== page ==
Sycamores are so familiar, grow so well in our climate and seed so freely that it is easy to forget they are not actually native to Britain. Ever since their introduction they have been divisive, so much so that even the details of their introduction are under debate
Sycamores (Acer pseudoplatanus) are native to central and southern Europe where they are particularly partial to higher elevations with cool, wet summers. As such they were already perfectly adapted to cope with the British climate when they were first introduced and were able to spread quickly into the wild from the locations in which they had been planted. It is most likely that the first sycamores were brought to Britain during the Middle Ages, but an earlier introduction cannot be entirely ruled out. Nowadays they are so common throughout the country that they are among Britain’s most familiar and readily recognized trees. As children, most people will have collected some of their large, gently lobed, long-stemmed leaves when they turn a bright yellow in the autumn and played with their typical paired winged fruit (which children like to call ‘helicopters’ because they rapidly spin around their axis as they fall) (photo 1).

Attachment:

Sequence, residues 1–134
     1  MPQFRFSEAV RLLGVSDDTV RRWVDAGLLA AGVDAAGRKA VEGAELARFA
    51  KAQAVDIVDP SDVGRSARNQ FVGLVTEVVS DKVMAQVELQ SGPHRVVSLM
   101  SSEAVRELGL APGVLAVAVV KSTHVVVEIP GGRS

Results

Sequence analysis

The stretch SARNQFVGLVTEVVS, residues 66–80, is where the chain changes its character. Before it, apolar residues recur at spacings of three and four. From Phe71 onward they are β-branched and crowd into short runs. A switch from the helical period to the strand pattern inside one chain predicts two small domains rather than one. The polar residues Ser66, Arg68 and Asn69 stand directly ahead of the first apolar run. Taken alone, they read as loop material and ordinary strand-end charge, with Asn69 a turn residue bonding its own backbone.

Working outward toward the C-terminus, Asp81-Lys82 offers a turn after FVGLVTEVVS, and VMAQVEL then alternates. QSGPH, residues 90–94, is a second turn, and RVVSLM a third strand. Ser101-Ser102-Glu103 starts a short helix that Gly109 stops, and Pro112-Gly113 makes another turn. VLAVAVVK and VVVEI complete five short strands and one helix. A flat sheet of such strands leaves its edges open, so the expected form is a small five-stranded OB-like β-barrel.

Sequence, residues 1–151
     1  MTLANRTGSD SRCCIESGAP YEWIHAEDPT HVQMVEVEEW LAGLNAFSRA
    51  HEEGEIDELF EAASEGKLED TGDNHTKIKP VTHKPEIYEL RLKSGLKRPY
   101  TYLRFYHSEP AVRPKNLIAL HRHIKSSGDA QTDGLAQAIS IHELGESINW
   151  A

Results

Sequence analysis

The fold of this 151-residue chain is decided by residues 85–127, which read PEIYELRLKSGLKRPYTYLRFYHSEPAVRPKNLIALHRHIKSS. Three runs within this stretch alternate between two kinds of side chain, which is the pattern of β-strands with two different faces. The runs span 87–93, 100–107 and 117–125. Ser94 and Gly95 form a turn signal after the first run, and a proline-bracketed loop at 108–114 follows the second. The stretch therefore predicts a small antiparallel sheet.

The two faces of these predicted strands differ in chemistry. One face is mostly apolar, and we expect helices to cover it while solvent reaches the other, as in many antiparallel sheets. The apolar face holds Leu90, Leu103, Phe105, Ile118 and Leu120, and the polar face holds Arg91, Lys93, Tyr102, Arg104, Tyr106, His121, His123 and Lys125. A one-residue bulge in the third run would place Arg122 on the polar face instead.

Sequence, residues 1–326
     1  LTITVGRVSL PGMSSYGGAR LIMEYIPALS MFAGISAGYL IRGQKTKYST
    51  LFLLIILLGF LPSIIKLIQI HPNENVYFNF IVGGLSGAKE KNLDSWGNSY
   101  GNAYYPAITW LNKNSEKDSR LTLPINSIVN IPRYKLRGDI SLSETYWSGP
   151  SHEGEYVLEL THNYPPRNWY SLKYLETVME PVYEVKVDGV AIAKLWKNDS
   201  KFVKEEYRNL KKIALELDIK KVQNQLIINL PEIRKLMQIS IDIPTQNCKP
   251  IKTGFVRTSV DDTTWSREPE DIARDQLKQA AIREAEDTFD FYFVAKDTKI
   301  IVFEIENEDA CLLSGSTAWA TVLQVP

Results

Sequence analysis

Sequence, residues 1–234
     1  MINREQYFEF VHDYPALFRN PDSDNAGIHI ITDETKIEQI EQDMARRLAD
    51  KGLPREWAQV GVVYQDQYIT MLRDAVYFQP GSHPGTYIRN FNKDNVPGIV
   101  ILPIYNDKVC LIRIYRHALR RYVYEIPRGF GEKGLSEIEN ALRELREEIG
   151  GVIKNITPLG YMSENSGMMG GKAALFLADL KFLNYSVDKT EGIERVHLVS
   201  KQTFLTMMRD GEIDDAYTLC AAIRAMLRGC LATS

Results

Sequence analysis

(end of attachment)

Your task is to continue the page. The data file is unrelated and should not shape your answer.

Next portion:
The tree which sycamores are most likely to be mistaken for is the related Norway maple (Acer platanoides), which is also an introduced species that has become naturalised. The most obvious differences are that Norway maple leaves are more deeply lobed, more sharply pointed in appearance and usually turn red in autumn. When sycamore leaves first emerge in spring they can look quite deeply lobed and pointy themselves (photo 2) but they soon grow into their more gently contoured shape. Another distinguishing feature is the shape of the paired winged fruits (known as ‘samaras’). In sycamores the wings are roughly at right angles to each other whereas in Norway maples they diverge much more widely.
Both the sycamore and the Norway maple bear a superficial resemblance to plane trees (Platanus spp.) (the fact which gives rise to their Latin names), but in Britain planes are only found where they have been planted, so they are generally restricted to towns and cities where they are a popular choice of tree because of their very high tolerance of pollution.
Even people who have never spent any time contemplating sycamore leaves are likely to have been affected by them at one time or another. As mountain trees used to colonizing scree slopes, sycamores are perfectly at home on railway embankments, and it is their large, slippery leaves – famously described by British Rail as ‘the wrong sort’ – that are the main culprits when it comes to the annual chaos which ensues once autumn leaves, rain and railway lines collide.
Contrary to many other trees, sycamores do not come into flower until after their leaf buds have burst (photo 3). Their small yellow flowers which hang in long, dangly racemes (photo 4) are a valuable source of nectar for bees.